Steven Luevano retained his WBO featherweight thingamabob in inglorious fashion last night at the Hard Rock Hotel and Casino in Las Vegas when Bernabe Concepcion was disqualified for pole-axing him with a thunderous shot that landed well after the bell ending the seventh round. It was a flagrant foul by Concepcion and Referee Jay Nady made the proper call in disqualifying him.
Luevano, 125.5, appeared well on his way to another tame unanimous decision when Concepcion lowered the dishonest boom. After taking a few lunging rights during the opening three minutes, Luevano unleashed his pesky jab in the second round and put his southpaw stance to perplexing use for the rest of the bout. Concepcion, also 125.5, appeared stymied at every turn and spent most of the night bobbing and feinting from four or five feet away. When he did throw punches they were usually isolated shots that often left him off-balance.
Again and again Luevano, now 37-1-1 (15), poked out his jab and crossed with his left. Occasionally, he tossed a right hook in for good measure. But it was a drab affair until Concepcion decided to take a cheap shot. When the bell clanged three times to end round seven, Luevano dropped his hands and nodded, with a smile, to his opponent in a sporting gesture. He was still smiling when Concepcion brought over a vicious right hand–one of only a handful of punches he landed the entire night–that dropped him flat on his back with a sickening thud.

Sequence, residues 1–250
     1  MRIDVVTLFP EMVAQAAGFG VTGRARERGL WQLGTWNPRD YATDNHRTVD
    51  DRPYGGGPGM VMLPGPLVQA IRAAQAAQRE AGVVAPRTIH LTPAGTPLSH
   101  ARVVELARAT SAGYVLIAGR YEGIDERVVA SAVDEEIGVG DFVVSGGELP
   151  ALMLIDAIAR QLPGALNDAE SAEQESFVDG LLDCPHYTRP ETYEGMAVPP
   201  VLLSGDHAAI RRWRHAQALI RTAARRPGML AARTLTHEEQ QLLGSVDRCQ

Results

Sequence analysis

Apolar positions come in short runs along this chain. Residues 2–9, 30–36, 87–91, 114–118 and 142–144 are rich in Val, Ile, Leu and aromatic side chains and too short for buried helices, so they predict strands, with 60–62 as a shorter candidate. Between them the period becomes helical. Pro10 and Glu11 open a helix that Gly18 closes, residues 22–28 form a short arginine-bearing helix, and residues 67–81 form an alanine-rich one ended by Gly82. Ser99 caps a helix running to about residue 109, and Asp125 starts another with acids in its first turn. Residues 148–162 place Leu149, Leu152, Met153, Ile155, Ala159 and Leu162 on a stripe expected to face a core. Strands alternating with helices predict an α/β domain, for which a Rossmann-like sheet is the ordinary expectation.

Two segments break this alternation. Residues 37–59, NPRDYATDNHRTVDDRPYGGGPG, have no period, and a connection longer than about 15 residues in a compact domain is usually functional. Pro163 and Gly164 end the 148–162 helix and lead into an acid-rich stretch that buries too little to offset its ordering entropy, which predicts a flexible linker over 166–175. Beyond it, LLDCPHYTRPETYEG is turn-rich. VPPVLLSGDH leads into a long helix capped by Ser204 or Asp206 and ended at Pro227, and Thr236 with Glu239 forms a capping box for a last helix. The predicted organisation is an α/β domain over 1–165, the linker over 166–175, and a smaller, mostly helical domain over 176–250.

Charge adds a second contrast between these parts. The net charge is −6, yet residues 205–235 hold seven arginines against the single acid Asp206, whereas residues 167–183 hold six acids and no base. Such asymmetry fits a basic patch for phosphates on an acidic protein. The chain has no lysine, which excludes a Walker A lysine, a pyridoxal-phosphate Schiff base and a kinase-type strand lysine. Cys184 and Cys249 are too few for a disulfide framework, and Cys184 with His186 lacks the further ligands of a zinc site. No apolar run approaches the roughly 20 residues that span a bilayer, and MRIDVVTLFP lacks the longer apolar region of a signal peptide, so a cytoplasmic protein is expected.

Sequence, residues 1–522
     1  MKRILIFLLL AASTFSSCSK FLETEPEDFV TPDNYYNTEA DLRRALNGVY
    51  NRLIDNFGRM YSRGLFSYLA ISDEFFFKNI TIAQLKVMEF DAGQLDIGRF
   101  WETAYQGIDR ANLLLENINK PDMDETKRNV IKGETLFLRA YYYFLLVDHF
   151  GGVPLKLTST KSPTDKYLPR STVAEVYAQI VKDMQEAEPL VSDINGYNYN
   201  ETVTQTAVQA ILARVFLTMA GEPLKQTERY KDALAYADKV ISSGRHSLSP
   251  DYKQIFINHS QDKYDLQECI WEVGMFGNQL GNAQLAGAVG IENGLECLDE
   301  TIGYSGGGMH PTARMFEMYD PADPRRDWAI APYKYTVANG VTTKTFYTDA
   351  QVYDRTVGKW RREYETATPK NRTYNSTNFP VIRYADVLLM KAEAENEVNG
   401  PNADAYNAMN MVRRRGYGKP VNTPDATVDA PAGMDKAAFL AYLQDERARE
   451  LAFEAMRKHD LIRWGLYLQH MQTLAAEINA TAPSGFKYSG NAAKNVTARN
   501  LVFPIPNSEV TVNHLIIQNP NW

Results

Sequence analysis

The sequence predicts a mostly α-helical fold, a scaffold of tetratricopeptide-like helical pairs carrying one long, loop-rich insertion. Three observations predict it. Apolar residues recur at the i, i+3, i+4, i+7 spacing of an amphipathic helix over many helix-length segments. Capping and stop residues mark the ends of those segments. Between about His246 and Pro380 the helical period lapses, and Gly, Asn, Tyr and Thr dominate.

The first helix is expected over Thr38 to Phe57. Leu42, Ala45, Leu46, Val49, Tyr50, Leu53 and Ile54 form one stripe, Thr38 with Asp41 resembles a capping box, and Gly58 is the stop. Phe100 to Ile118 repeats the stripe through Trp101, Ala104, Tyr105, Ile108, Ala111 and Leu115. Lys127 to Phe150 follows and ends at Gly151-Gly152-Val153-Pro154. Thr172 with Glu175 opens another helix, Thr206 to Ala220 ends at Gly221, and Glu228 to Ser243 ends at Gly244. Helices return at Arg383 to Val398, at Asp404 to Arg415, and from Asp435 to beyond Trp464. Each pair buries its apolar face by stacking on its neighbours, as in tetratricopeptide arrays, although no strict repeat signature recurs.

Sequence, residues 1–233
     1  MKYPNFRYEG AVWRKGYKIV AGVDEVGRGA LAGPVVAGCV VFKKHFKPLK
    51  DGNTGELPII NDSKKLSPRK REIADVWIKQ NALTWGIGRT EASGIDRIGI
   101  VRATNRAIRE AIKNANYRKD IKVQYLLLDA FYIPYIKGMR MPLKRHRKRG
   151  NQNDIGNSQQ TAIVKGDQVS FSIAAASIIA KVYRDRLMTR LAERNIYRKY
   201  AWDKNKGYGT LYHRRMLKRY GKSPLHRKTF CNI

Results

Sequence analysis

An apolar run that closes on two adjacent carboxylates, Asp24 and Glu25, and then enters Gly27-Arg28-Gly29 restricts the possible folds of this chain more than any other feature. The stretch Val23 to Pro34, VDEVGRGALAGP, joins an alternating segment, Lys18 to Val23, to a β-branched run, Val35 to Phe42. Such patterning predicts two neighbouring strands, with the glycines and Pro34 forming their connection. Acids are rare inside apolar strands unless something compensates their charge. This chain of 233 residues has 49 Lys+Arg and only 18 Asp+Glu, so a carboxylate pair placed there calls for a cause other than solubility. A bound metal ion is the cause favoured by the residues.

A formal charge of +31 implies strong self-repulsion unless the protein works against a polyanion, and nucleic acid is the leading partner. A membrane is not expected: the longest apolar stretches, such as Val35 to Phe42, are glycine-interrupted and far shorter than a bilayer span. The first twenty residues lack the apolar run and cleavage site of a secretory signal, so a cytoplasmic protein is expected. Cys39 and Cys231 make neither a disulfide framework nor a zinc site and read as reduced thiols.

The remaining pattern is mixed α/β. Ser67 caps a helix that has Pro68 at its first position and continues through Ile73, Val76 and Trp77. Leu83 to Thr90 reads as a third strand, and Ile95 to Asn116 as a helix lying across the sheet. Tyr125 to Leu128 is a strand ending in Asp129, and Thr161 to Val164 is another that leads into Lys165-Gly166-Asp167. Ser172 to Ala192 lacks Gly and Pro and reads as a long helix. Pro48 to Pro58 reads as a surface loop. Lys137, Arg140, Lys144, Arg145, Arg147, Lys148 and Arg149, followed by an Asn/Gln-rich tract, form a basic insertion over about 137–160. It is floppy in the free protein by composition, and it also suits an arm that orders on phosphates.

Nady immediately disqualified Concepcion, who trailed on two of the scorecards, with the third apparently turned in by the ghost of William Moon.
Claims that Concepcion did not hear the bell are specious; after all, he heard the previous six bells and the bout was not exactly staged in a cavernous arena overflowing with thousands. Instead, it appeared that Concepcion saw an opportunity to finally land a telling blow on an elusive target and took it. “The disqualification was justified,” said his trainer, Freddie Roach.
Luevano limped away with the victory, but, at 28, appears to be past his physical peak. Although he was decked by a punch after the bell, Luevano was, indeed, knocked senseless, and he has now been floored in three of his last four fights.
As for Concepcion, now 29-2-1 (16), if he is allowed to take sucker punches at all of his opponents between rounds he might some day become a force to be reckoned with.
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